Altria’s answer to the dwindling number of customers is to raise prices. This strategy has worked so far, but there’s a tipping point where price will become a barrier. Already, the group’s seen its price hikes start to chip into its market share. Ultimately, the group’s stagnant core business and an unsustainable payout ratio suggest this dividend stock is one for the trash.

AT&T (T)

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Telecom giant AT&T (NYSE:T) has been a potential turnaround stock for years, but given the current environment, it’s now firmly on the list of dividend stocks to sell. The group boasts a yield just shy of 6%, which might look appealing thanks to persistently high inflation. But much of that yield is thanks to a tanking share price.

The first issue with AT&T as a dividend stock is its payout ratio. It’s already well beyond the industry average, and it’s only going to get worse. Telecom stocks as a whole are in a tough position as the sector undergoes a difficult transition. And AT&T’s sitting at the bottom of the pile of lukewarm options. The group lacks a compelling growth story, and its financial performance has been patchy at best.

Last year, management trimmed its dividend payouts to cope with dwindling cash flow. But even that wasn’t enough to bring the payout to manageable levels. The group’s still spending most of its income on dividend payments, leaving little room for investment in growth and opening the door for another potential dividend haircut.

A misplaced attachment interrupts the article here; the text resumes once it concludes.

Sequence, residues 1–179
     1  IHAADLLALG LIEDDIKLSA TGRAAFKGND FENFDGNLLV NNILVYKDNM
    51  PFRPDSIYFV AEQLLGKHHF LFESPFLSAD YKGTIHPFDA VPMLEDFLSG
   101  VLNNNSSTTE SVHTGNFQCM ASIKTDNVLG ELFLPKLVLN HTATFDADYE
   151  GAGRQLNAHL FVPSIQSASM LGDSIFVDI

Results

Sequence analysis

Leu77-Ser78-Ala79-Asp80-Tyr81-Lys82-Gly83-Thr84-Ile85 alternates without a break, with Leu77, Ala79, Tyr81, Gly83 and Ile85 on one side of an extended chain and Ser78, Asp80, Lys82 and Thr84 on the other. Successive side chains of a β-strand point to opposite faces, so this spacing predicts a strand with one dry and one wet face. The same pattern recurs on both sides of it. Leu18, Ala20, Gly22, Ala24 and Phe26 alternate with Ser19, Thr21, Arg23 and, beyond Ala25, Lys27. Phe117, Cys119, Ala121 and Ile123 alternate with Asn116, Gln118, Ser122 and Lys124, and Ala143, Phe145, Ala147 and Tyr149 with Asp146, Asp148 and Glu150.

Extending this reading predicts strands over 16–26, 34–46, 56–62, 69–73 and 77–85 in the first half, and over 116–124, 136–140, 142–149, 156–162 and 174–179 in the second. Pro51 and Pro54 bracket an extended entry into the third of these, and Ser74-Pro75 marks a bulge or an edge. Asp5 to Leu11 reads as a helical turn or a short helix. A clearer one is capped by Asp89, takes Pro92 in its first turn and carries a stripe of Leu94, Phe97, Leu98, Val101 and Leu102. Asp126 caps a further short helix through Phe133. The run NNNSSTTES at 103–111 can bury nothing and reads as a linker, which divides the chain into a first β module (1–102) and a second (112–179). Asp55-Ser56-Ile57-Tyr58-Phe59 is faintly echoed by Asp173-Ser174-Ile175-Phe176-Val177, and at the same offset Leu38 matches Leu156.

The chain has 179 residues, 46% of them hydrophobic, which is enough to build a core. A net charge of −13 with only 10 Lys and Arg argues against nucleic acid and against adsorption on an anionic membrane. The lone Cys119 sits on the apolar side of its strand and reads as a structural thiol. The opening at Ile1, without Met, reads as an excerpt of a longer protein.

Ford (F)

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The auto industry is in the midst of a transition, but Ford’s (NYSE:F) is struggling to keep up, making it one of the dividend stocks to sell. The electric vehicle transition is gaining momentum, with many countries promising to phase out traditional fossil fuel cars as early as 2030. Thats a big deal for Ford, which is still working to build out an EV portfolio that can turn a profit. The group’s said it would lose around $3bn this year as it works to keep up with the demand for cleaner cars.

On top of a shift toward cleaner vehicles, Ford’s also contending with a potential prolonged economic downturn. That means people are less likely to shell out on big-ticket items like new cars. This means Ford’s pouring cash into its business making new cars that it will find difficult to sell.

With those two factors in mind, earnings growth could be thin, if at all, moving forward. That means the dividend is really the main attraction, and coming in below 5% isn’t all that impressive, thanks to current inflation rates.

On the date of publication, Marie Brodbeck did not hold (either directly or indirectly) any positions in the securities mentioned in this article. The opinions expressed in this article are those of the writer, subject to the InvestorPlace.com Publishing Guidelines.

Marie Brodbeck has a Finance degree from Duquesne University and has been a financial journalist for more than a decade. Her work can be seen in a variety of publications including InvestorPlace, Benzinga, Yahoo Finance and CCN.